Congressional candidate Dan McCready shakes a voter's hand last month. Photo: Tom Williams/CQ Roll Call

Today's special election in North Carolina for a House seat is ostensibly the first big test of 2020 — but its messaging is straight out of 2018.

Driving the news: Democrat Dan McCready has made health care — and drug prices, specifically — a centerpiece of his advertising and broader pitch to voters as he tries to turn a red district blue.

What we're seeing:

  • The McCready campaign has run two ads devoted to drug prices, both of which attack GOP candidate Dan Bishop for voting against a bill to let pharmacists tell patients about cheaper drugs.
  • House Democrats' campaign arm came in with two more ads on the same theme (including a somewhat bizarre ad casting Bishop as a superhero for pharma).
  • Even the Environmental Defense Fund — not usually the biggest player in health care fights — echoed the same attack in an anti-Bishop attack ad.

Thought bubble: This race is about a lot more than just health care. It's a redo from 2018; it's a district Trump won big; and Trump himself campaigned for Bishop last night.

  • But McCready's decision to focus so intensely on health care reinforces that Democrats still see this as their best line of attack in competitive races, and that the national debate over "Medicare for All" isn't scaring them away from more moderate messages on health care.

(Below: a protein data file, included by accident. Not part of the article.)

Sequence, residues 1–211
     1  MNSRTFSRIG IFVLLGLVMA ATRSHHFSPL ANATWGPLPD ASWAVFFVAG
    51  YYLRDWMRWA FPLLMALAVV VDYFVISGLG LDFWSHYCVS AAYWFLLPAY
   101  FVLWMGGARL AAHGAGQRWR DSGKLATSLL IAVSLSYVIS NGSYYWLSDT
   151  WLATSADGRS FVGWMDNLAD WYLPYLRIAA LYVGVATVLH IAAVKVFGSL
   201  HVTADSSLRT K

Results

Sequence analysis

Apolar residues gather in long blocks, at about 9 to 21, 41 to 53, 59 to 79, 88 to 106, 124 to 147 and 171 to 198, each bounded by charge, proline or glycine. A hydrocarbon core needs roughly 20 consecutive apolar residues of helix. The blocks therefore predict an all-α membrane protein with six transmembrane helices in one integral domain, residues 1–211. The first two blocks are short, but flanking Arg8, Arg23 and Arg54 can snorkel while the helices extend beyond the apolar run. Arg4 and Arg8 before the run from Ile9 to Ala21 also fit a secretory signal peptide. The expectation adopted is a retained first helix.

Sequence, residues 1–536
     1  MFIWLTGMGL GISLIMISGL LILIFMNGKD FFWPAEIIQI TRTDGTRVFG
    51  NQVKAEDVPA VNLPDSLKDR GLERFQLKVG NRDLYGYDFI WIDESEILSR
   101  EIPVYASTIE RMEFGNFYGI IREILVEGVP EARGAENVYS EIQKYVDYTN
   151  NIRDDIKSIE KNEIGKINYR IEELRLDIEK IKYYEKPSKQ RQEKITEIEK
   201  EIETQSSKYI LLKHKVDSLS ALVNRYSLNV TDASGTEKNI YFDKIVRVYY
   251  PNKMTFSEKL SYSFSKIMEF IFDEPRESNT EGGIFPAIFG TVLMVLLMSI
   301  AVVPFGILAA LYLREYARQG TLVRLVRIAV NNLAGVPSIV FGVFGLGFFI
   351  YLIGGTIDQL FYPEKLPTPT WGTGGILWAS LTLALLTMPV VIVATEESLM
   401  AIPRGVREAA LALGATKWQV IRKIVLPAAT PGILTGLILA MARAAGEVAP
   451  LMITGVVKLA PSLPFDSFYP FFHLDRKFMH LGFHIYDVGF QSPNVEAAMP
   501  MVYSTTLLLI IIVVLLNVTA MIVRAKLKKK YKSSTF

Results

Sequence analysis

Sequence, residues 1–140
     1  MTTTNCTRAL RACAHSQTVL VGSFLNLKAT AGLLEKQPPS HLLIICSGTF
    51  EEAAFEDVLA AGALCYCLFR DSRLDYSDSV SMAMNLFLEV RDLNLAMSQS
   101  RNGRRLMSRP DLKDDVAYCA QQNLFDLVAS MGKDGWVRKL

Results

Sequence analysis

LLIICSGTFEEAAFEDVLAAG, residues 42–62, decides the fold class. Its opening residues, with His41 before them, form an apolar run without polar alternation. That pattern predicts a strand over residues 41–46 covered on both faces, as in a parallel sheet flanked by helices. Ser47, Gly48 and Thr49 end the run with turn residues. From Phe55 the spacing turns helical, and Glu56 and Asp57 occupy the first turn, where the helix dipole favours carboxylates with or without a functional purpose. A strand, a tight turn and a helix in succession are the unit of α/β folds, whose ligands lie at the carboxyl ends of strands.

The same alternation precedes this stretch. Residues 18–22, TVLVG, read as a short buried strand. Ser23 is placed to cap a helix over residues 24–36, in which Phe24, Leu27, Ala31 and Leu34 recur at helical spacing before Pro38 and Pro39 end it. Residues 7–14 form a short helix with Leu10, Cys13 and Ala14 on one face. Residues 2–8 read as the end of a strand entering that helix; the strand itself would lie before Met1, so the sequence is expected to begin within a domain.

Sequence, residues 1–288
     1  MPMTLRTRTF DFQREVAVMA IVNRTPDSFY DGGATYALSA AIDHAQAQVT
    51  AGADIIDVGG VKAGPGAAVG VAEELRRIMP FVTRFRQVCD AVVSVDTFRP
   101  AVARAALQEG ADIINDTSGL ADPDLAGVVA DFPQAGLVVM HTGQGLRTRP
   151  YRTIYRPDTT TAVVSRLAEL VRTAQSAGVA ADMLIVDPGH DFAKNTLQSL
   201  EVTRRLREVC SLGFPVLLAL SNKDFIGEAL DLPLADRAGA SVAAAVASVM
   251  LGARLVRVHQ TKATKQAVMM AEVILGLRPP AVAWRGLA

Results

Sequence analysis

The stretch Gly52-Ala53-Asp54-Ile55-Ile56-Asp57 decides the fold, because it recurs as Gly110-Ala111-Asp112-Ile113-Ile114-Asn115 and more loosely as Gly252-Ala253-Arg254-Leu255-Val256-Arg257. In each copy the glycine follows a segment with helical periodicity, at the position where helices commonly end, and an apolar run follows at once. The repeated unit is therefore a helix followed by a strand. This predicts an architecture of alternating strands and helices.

And if McCready wins, it'll be a sign that strategy does still seem to work, or at least to help.

Go deeper: Trump makes last-ditch North Carolina election push for GOP candidate

Go deeper

Dion Rabouin, author of Markets
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Americans' trust in the Federal Reserve fell again in October, with just 34% saying they have a fair amount or a great deal of trust in the central bank in the latest Axios/Ipsos poll.

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USA Today breaks tradition by endorsing Joe Biden

Photo illustration: Aïda Amer/Axios. Photo: Win McNamee/Getty Images

USA Today, one of the largest newspapers by circulation in America, gave Joe Biden its first-ever presidential endorsement on Tuesday.

The big picture: A slew of media companies are endorsing a candidate this year for the first time ever, citing the unprecedented nature of this election.